For years PIMCO was driven by the investing acumen of Bill Gross and Mohamed El-Erian. After an acrimonious split with El-Erian in 2014, and unceremoniously dumping Gross the same year, PIMCO’s plan is to replace these titans of the bond industry with some algorithmic software and an office in trendy Austin, Texas. The Wall Street Journal’s Justin Baer writes:
Pimco’s mutual funds had $33 billion in net inflows in 2017, reversing a four-year stretch of client withdrawals, Morningstar said. While Pimco remains one of the world’s biggest investors, with about $1.7 trillion in assets, the firm still manages less than the some $2 trillion it oversaw at the height of the Gross era.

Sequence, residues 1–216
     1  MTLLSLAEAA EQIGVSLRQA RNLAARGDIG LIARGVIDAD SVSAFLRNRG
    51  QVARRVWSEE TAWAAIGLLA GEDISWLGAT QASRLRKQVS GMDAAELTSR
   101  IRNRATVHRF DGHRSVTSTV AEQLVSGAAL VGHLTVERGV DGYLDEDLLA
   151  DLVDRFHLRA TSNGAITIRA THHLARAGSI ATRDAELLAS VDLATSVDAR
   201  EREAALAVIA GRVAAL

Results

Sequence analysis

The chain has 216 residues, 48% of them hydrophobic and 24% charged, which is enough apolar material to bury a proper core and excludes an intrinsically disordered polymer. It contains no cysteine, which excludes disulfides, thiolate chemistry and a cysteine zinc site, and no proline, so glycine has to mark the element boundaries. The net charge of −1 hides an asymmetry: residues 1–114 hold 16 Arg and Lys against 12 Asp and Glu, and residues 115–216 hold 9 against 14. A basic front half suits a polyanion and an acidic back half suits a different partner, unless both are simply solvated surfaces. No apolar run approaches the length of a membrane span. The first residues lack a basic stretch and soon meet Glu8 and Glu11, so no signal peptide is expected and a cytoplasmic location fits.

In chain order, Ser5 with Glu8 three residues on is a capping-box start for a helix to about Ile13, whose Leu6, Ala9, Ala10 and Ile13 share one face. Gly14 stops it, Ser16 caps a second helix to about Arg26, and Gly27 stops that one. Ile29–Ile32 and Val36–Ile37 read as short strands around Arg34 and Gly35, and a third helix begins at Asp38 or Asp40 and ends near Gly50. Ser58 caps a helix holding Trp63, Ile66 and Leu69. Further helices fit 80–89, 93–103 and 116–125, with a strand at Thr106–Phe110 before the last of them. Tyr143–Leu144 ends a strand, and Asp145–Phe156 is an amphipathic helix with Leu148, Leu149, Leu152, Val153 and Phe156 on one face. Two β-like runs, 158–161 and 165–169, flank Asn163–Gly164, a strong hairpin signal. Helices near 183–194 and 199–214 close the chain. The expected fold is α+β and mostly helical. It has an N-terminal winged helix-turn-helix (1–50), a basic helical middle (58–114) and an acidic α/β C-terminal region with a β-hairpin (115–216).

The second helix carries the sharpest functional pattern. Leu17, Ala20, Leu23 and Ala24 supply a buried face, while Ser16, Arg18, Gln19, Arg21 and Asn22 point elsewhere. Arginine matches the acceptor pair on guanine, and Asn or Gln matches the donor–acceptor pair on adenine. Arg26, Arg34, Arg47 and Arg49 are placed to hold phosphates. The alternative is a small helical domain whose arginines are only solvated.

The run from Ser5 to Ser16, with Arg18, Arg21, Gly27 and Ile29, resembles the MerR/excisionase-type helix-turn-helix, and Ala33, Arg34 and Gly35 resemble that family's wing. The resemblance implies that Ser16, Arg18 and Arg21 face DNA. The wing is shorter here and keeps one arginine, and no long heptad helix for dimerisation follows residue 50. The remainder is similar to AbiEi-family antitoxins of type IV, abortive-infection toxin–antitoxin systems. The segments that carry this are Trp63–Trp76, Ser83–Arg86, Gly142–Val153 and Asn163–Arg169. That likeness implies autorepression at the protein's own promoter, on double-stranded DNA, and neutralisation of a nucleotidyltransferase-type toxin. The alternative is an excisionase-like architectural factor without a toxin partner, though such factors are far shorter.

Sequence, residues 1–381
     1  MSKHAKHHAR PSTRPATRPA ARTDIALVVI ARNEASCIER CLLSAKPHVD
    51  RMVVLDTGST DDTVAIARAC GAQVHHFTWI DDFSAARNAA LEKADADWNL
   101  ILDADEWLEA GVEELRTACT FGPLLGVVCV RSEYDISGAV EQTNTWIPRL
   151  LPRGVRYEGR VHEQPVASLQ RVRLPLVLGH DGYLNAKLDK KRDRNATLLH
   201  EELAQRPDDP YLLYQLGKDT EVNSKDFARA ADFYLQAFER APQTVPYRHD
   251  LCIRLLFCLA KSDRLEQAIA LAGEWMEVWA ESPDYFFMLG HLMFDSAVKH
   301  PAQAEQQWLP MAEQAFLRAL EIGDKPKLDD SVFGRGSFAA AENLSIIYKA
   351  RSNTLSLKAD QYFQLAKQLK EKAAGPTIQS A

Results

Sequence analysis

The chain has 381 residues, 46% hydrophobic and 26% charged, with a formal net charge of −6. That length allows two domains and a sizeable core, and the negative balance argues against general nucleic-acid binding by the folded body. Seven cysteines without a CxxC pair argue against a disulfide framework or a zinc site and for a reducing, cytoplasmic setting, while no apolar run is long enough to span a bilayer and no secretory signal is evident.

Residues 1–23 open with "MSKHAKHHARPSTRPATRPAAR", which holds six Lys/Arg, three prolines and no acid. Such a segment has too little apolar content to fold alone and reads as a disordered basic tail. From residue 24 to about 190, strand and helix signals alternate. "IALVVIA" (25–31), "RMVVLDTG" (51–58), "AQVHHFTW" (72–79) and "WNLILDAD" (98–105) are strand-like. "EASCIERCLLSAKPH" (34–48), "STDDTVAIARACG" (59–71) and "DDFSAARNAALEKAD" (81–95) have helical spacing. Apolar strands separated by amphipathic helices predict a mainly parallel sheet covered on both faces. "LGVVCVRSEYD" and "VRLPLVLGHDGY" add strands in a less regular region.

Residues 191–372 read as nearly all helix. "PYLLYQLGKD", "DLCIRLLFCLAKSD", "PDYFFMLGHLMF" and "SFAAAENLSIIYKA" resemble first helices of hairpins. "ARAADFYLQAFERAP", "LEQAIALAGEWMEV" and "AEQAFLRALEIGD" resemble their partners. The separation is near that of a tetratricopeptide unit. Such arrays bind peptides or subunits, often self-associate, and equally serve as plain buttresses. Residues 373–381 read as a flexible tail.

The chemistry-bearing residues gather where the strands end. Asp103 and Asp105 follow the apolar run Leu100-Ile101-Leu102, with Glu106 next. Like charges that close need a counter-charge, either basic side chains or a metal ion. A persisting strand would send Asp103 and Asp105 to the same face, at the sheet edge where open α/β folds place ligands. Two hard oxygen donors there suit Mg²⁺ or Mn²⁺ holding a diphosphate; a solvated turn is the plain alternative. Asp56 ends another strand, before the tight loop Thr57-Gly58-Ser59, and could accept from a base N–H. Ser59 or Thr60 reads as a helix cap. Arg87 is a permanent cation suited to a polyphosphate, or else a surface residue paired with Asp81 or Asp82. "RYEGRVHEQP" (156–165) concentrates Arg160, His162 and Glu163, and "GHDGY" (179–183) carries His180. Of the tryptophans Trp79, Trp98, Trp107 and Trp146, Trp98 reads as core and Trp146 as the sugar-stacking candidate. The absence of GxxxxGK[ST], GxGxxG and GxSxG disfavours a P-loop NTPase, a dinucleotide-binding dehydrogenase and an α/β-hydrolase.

Mr. Roman, Pimco’s chief executive, is placing his bets on computer-driven and private-debt investing, believing those areas offer promise without veering the firm outside its traditional focus on the debt markets.
“Our strategy remains the same: to be the premier fixed-income manager in the world,” Mr. Roman said earlier this month in an interview. “But to do this we need to invest.”
Mr. Roman’s plan isn’t without risk. While most of the firm’s core bond funds are performing well, a slump could lead to questions about whether Pimco should stick to its knitting, clients and consultants have said.
The firm plans to launch a slate of investment funds driven by trading algorithms, he said, but many other initiatives are designed to give Pimco’s traditional portfolio managers an edge in finding profitable trading ideas or lowering costs.
Mr. Roman said Pimco plans to expand its current portfolio-management analytics team. Led by Ravi Mattu, who joined the firm in 2011, the group currently employs about 65 people.
“We’re turning up the volume, so to speak,” Mr. Roman said.
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Jeremy Jones, CFA
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